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It’s happened before.

Can the world’s biggest retailer—the corporation that totally changed the rules of retailing, single-handedly altered the way Americans buy their consumer products and put three-quarters of its competition out business—fail?

It’s happened before.

As Walmart frantically tries to get up to speed with its online efforts at the same time juggling multiple retail platforms in the U.S. while struggling to find the right formulas to do business overseas, one can be reminded that we’ve seen this all before.

The biggest retailer in the business used to be Sears. It commanded an enormous percentage of disposable income in the country and sold virtually everything for the American household … including the American household. It owned and/or controlled manufacturing of these products and sold in multiple channels from large downtown stores to smaller-format specialty operations to its ubiquitous direct-to-consumer catalog business.

But as new competitors came on the scene, it went in myriad directions to stay on top. There was the oxymoron-named Store of the Future. It bought Allstate insurance, a real estate company, a stock brokerage firm and started the Discover card.

None of it prevented the inevitable. Sears’ decline began long before Fast Eddie Lampert took the wheel of the liquidation express and now it appears the final chapter is closing in.

Kmart used to be the biggest retailer in the business, too. It seized upon the discount model on the bones of its Kresge foundation and rolled out the concept on a national basis bigger, better and faster than anybody else.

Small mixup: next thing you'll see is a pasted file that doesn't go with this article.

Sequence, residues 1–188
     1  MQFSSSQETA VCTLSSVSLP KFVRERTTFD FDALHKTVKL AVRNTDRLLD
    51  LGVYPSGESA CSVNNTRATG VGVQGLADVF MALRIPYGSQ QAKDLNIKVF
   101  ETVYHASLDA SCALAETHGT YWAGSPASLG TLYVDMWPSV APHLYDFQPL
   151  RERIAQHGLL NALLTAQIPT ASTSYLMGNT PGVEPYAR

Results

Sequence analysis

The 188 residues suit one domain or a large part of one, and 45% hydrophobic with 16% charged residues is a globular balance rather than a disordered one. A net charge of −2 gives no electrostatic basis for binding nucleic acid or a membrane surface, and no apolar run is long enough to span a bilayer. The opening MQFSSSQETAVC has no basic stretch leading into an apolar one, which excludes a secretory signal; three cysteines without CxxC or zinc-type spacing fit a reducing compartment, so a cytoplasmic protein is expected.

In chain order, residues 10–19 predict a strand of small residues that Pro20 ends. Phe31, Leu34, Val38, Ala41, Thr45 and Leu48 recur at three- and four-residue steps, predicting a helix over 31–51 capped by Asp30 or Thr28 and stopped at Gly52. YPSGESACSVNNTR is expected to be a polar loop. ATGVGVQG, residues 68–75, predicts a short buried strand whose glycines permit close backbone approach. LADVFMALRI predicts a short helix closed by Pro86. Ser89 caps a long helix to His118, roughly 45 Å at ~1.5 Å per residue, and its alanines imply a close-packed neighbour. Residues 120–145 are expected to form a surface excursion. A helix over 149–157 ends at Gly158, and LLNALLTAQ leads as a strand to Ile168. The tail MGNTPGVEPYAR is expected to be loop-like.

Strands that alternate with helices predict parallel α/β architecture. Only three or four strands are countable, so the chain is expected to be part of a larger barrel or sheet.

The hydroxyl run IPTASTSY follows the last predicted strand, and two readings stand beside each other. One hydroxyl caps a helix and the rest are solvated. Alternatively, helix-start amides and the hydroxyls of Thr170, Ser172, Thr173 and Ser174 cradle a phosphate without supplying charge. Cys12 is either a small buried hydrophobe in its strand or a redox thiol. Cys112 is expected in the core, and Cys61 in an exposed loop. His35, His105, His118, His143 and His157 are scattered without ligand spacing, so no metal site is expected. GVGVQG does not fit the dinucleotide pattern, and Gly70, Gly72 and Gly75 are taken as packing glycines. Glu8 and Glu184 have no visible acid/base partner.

Then it, too, decided it needed to add more pieces to shore up the mothership. At one time, it owned a power center’s worth of chains from Sports Authority, Borders and Builders Square to PACE, one of the first generation of warehouse clubs.

All the while it kept glancing back watching Walmart get bigger and bigger in the rearview mirror … until one day it wasn’t there anymore: Walmart had pulled ahead.

Which brings us to today. Like its predecessors, Walmart took its eye off its customer and let an emerging competitor—Amazon—come and rewrite the rules.

It focused on ancillary efforts like expansion in Europe, Asia and South America while not paying enough attention to what was happening back home. It tested a variety of different formats, sizes and shapes without finding one that truly worked.

And by the time it realized how far it had fallen behind in the online game, it began to wildly try to catch up, vastly overpaying for barely there start-up Jet and then picking up assorted plug-ins to try to cobble together an e-presence. While still the largest retailer overall by far, Walmart remains only a percentage of Amazon online with no realistic prospects for catching up in this retail lifetime.

Walmart is a spectacular retailer. They play their game better than anybody else ever has and remain a formidable presence with a strong balance sheet. They aren’t going anywhere anytime soon. But you could have said the same thing about Sears and Kmart at their peak. Just a few short decades later they are both irrelevant in the marketplace and about to be non-existent as we knew them.

Will the same thing happen to Walmart? It’s happened before.